This one, copyrighted in 1906 he entitled "Gossip at the Water Hole." It also pictures six Hopi women, however this time they are clothed in traditional Atöö robes, and their hair is arranged in a distinctive bi-lobed style. Although he does not say as much in the text, Curtis evidently asked the women to dress themselves in traditional costume and hairstyles for his photograph. The picture is not one of Curtis' most successful efforts. Depite its title, the women are not talking to each other, but staring rather seriously towards the photographer. Between 1900 and 1906, however, Curtis had developed one of his favorite "tricks" for adding depth to his scenes. He opened the aperture of the camera, rendering the distant pueblo as an unfocused blur on the horizon. In all likelihood, a lense with a longer focal length allowed him to reduce the depth of field and narrow the scope of the scene to create a portrait, rather than a native "scene." Christopher Lyman points out that this "focal recession" was also used to blur modern figures and details, such as tourists viewing the famous Hopi dances.10
Curtis copyrighted the third view of the water hole, entitled "Loitering at the Spring" in 1921, although it was clearly taken during the 1906 session that produced the previous picture.11 The discrepency between the date the photograph was taken and the date it was copyrighted may be due to the fact that Curtis sold copper-plate engravings of many of his photographs separately from the book. He may have felt no need to copyright a picture until it was reproduced for distribution and sale. Curtis evidently liked this one the best, for he included it as a large plate in the portfolio of photogravures accompanying volume XII. The choice to include it among the 36 large format plates indicates that it qualified as "art" suitable for framing. Like the 1906 version, the picture shows six women in traditional "holiday" clothing and hairstyle, with the background out of focus.
The difference between the "Gossip at the Spring" and "Loitering at the Waterhole" is the composition. The 1921 picture differs from the 1906 version in that the composition is much stronger, and it makes a distinctive aesthetic statement about the relationship between the Indian women and the natural world. The figures are massed monumentally on the right bank of the waterhole, their relationship to the water defined by the pottery water vessels perched at the edge of the pool. One woman reaches down to touch the still surface. Unlike the previous view, in which the photographer looked down on his subjects, Curtis brough the camera closer to them, posing two so that they stood above the plane of the horizon looking down towards the pool. The woman dipping water now holds her hand quite still, to make the most of the reflective properties of its surface. The dramatic view had come a long way from the prosaic snapshot of water collecting taken in 1900. Never mind that there are now only two jugs for six women, or that his subjects are dressed in fine robes and elaborate hairstyles for the hard job of carrying water. Water collecting, the moment when mankind directly draws sustenance and relief from the wellspring of nature, had now become a sacred act worthy of monumental composition. In choosing such "archetypal" images for his Hopi volume, Curtis sought a deeper truth. The cost was much of the documentary character of his earlier work.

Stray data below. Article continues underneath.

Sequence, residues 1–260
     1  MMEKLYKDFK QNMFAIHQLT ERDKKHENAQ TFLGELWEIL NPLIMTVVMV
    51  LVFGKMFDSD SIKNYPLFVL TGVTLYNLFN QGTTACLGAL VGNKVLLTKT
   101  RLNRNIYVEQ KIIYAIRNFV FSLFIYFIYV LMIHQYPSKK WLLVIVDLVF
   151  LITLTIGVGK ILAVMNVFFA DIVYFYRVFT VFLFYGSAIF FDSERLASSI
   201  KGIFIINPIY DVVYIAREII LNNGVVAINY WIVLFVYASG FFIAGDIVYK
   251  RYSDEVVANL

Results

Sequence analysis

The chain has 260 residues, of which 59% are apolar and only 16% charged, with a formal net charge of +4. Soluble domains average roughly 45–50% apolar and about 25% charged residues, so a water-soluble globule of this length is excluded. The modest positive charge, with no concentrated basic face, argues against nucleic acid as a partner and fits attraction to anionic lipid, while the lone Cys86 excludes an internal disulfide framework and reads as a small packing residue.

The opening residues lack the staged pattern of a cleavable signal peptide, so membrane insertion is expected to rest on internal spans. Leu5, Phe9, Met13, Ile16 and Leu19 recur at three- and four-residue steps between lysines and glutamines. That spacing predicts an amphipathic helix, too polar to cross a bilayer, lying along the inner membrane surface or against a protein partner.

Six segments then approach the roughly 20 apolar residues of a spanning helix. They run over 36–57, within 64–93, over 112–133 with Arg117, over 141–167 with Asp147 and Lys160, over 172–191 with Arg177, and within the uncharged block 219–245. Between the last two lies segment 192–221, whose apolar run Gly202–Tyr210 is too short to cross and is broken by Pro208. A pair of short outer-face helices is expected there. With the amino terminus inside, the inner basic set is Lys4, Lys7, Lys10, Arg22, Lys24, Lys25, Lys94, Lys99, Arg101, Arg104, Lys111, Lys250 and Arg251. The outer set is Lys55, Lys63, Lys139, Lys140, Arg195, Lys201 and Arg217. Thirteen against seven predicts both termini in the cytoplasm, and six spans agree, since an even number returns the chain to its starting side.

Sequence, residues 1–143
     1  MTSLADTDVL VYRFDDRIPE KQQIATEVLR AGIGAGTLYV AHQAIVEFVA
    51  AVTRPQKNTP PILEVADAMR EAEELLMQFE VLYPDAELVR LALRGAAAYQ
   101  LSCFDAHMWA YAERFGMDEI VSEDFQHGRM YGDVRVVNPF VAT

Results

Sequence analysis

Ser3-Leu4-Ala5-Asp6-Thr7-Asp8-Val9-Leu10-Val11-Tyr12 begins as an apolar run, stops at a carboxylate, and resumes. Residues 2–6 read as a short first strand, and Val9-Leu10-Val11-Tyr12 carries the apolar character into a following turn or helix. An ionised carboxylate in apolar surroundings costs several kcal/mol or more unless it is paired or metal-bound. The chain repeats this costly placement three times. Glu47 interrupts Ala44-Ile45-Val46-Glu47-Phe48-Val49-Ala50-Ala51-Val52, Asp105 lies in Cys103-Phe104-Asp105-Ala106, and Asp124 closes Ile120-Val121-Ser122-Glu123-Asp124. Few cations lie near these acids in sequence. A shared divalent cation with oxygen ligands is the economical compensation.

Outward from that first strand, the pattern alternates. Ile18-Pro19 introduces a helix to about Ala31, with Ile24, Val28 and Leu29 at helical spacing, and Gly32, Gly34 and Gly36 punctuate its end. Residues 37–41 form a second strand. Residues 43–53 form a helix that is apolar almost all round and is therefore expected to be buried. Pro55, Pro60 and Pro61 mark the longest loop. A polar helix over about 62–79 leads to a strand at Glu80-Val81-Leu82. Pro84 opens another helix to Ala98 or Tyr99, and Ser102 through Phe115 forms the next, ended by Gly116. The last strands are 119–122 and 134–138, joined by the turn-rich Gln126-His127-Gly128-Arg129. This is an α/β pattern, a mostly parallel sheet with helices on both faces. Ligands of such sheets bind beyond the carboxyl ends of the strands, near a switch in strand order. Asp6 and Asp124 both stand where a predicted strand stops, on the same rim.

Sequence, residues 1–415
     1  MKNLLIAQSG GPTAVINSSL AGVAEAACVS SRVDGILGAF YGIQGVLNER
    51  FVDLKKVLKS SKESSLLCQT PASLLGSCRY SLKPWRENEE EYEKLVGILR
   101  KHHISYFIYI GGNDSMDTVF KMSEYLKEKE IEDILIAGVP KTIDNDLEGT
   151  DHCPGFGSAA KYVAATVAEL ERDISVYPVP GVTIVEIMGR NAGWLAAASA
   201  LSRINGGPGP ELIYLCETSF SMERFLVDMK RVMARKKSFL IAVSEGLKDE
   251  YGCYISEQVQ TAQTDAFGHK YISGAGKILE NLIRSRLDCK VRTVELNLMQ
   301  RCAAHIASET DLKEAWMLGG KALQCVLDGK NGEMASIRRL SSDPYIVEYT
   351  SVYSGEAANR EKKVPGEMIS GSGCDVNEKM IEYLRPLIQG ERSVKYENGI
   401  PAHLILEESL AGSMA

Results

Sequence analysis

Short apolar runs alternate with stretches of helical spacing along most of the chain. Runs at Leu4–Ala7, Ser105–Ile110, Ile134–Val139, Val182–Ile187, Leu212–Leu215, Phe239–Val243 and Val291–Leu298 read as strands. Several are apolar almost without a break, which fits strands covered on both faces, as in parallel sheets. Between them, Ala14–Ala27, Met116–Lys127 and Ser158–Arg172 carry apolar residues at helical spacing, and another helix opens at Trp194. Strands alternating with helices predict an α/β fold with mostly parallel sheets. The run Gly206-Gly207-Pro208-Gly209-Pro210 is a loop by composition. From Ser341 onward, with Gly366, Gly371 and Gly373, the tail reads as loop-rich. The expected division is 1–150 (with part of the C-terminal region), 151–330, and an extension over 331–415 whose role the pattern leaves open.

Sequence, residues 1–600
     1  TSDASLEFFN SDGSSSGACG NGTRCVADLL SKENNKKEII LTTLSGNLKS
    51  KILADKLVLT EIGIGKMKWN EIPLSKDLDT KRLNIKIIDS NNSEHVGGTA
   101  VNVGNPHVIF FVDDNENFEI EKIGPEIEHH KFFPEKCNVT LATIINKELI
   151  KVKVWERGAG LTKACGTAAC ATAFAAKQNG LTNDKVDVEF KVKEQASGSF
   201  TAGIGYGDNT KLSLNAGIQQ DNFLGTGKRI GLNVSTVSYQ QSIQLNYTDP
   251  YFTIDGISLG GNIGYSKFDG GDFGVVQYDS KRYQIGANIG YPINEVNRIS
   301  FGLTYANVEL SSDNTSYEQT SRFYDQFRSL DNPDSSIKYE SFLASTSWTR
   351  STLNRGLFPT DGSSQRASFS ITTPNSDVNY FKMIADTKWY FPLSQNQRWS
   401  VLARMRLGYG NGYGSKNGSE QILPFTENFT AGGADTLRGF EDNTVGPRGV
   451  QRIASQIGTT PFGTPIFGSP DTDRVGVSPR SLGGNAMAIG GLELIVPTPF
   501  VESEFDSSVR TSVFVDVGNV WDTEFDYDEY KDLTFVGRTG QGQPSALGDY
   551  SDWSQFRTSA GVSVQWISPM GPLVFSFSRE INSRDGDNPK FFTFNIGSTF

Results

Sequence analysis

The perfected "Curtis style" sought to capture not only the historical dress and appearance of his native subjects, but the relationship of the American Indian to the natural world itself. Neither one of these goals was without precedent in turn-of-the-century American culture. Both a scientific and an aesthetic tradition provided the context for Curtis' vision of the American Indian as pre-historic natural man in the pristine landscape.
The Stone Age Present
Curtis' historical re-creation of "pre-contact" Native American culture was criticized from the outset for its inauthenticity. For instance in 1907, upon the publication of the first volume, Columbia University anthropologist Franz Boas complained of Curtis' lack of objectivity to president Roosevelt, who had contributed an introduction to the volume. 12 Curtis' style of ethnography and photography differed dramatically from Boaz's, who, like Curtis worked among the Northwest Coast Indian tribes. Unlike Curtis, Boaz's ethnographic photographs and motion pictures were often made against a backdrop that screened out the physical context of his subjects. By breaking the relationship between the individual and the landscape, Boaz's photographic documents of the Northwest Coast Indians gave the appearance of ethnographic "objectivity" something which Curtis' pictures lacked. Placing the indivudual in the landscape, as Curtis did, required aesthetic decisions about whether to allow modern detail and dress. Covering up the background relieved the photographer from "filling-in" missing cultural detail.